The Effect of Probiotics on the Production of Short-Chain Fatty Acids by Human Intestinal Microbiome

Nutrients. 2020 Apr 16;12(4):1107. doi: 10.3390/nu12041107.


The relationship between diet and the diversity and function of the intestinal microbiome and its importance for human health is currently the subject of many studies. The type and proportion of microorganisms found in the intestines can determine the energy balance of the host. Intestinal microorganisms perform many important functions, one of which is participation in metabolic processes, e.g., in the production of short-chain fatty acids-SCFAs (also called volatile fatty acids). These acids represent the main carbon flow from the diet to the host microbiome. Maintaining intestinal balance is necessary to maintain the host's normal health and prevent many diseases. The results of many studies confirm the beneficial effect of probiotic microorganisms on the balance of the intestinal microbiome and produced metabolites, including SCFAs. The aim of this review is to summarize what is known on the effects of probiotics on the production of short-chain fatty acids by gut microbes. In addition, the mechanism of formation and properties of these metabolites is discussed and verified test results confirming the effectiveness of probiotics in human nutrition by modulating SCFAs production by intestinal microbiome is presented.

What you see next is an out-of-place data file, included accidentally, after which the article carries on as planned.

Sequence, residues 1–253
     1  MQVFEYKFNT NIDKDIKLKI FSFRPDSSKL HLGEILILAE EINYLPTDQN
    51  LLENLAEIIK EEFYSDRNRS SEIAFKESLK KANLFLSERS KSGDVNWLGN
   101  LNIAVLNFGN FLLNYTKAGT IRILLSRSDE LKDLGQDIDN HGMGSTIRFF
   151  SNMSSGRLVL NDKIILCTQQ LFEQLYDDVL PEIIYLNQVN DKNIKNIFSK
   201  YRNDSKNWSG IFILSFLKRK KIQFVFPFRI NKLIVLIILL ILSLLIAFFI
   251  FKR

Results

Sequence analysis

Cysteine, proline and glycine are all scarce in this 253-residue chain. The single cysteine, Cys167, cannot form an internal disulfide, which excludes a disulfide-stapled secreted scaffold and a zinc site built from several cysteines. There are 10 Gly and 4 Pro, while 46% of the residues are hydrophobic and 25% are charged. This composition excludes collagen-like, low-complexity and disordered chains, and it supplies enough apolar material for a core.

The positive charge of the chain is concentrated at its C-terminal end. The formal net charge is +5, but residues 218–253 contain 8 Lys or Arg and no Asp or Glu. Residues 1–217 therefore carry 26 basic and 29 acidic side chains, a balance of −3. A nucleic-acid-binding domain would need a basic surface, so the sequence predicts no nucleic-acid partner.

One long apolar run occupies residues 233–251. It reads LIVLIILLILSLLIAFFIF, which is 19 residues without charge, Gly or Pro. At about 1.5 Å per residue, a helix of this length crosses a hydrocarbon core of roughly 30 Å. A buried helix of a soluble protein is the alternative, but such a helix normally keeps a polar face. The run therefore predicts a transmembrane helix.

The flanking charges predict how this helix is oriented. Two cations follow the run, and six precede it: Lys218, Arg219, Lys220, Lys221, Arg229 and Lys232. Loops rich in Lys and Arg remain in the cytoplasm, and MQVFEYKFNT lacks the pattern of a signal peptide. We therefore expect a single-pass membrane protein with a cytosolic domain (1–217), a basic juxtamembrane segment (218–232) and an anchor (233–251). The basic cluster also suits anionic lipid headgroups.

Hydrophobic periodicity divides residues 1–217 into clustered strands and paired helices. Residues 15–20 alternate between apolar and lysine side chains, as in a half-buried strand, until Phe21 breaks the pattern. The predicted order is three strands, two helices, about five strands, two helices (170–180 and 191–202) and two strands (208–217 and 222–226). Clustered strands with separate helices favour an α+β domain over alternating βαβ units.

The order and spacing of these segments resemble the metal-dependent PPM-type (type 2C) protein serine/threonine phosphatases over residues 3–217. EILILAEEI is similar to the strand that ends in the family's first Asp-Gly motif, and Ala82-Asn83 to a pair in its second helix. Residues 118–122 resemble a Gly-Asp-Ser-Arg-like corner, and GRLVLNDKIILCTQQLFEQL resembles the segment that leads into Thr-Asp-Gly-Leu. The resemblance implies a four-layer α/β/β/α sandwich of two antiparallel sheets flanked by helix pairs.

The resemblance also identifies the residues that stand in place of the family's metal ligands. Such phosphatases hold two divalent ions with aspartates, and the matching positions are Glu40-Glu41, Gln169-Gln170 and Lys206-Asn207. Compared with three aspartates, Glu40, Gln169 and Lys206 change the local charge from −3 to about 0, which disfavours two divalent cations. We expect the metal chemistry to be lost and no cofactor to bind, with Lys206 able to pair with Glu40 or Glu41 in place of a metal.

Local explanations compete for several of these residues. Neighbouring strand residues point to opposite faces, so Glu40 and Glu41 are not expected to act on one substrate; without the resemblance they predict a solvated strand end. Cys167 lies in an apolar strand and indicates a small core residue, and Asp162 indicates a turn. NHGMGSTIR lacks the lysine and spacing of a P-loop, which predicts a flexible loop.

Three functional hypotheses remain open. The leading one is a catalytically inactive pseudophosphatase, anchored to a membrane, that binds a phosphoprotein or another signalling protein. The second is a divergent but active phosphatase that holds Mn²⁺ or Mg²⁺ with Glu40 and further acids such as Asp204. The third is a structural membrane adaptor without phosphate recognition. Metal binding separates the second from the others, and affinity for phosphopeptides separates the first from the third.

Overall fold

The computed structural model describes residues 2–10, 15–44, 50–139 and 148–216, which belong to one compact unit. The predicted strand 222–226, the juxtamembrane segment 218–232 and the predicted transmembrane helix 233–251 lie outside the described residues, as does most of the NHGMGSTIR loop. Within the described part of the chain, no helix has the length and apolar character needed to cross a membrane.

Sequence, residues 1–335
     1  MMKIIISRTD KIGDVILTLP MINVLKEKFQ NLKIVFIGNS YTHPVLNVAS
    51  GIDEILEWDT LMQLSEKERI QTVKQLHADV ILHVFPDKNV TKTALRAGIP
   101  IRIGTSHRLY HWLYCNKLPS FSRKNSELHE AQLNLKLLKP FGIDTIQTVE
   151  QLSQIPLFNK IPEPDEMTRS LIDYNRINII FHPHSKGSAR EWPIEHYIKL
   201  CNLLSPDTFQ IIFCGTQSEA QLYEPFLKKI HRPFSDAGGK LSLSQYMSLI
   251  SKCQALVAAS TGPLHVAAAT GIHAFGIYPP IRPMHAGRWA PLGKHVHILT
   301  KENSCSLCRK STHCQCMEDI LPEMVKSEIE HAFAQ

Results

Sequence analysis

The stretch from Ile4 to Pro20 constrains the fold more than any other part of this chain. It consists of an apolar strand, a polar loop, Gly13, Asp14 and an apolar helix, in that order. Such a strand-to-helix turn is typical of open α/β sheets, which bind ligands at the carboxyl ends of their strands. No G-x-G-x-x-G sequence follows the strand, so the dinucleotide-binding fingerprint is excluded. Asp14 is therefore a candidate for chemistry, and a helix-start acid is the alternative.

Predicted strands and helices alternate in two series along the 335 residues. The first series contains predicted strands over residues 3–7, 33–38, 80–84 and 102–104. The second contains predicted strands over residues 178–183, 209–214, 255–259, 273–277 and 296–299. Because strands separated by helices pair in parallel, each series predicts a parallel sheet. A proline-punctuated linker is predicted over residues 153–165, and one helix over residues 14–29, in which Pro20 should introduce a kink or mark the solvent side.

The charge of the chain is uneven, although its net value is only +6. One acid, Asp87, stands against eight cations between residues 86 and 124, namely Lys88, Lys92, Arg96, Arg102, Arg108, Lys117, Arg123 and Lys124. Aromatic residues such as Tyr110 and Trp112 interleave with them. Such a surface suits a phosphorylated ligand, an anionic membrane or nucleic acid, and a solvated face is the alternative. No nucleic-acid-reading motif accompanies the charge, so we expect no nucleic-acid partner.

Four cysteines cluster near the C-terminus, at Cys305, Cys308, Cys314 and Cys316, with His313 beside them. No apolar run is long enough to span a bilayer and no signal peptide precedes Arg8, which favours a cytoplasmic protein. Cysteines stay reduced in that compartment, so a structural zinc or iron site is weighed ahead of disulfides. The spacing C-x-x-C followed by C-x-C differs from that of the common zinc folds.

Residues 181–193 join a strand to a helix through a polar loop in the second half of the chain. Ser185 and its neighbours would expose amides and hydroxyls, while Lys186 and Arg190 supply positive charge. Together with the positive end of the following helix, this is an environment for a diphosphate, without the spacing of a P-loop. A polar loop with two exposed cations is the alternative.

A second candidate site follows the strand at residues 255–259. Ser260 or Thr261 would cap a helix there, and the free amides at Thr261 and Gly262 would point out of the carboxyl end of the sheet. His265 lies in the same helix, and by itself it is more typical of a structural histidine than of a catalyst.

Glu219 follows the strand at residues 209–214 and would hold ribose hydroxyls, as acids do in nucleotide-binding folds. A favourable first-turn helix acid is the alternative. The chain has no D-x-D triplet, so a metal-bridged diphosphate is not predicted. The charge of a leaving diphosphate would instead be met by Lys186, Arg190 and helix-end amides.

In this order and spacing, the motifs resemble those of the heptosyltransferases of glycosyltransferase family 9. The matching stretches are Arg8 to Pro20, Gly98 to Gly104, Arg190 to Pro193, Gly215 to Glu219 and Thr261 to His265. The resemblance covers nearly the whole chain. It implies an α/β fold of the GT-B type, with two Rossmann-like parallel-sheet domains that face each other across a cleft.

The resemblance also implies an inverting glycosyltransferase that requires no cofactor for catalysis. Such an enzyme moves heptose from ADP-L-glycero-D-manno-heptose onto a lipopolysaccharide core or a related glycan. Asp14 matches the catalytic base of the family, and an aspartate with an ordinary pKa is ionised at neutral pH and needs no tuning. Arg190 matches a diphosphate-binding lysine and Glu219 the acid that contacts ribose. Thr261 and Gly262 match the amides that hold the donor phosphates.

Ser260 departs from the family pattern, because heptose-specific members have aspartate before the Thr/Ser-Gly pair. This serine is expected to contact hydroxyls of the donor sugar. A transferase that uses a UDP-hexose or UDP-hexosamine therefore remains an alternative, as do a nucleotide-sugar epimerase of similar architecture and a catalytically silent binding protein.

Keywords: SCFA; human health; intestinal microbiome; metabolites of bacteria; probiotics.

Publication types

  • Review

MeSH terms

  • Bifidobacterium / metabolism
  • Carbon / metabolism
  • Chronic Disease / prevention & control
  • Diet*
  • Fatty Acids, Volatile / metabolism*
  • Gastrointestinal Microbiome / physiology*
  • Host Microbial Interactions / drug effects*
  • Host Microbial Interactions / physiology*
  • Humans
  • Lactic Acid / metabolism
  • Lactobacillus / metabolism
  • Nutritional Physiological Phenomena / physiology*
  • Probiotics / pharmacology*


  • Fatty Acids, Volatile
  • Lactic Acid
  • Carbon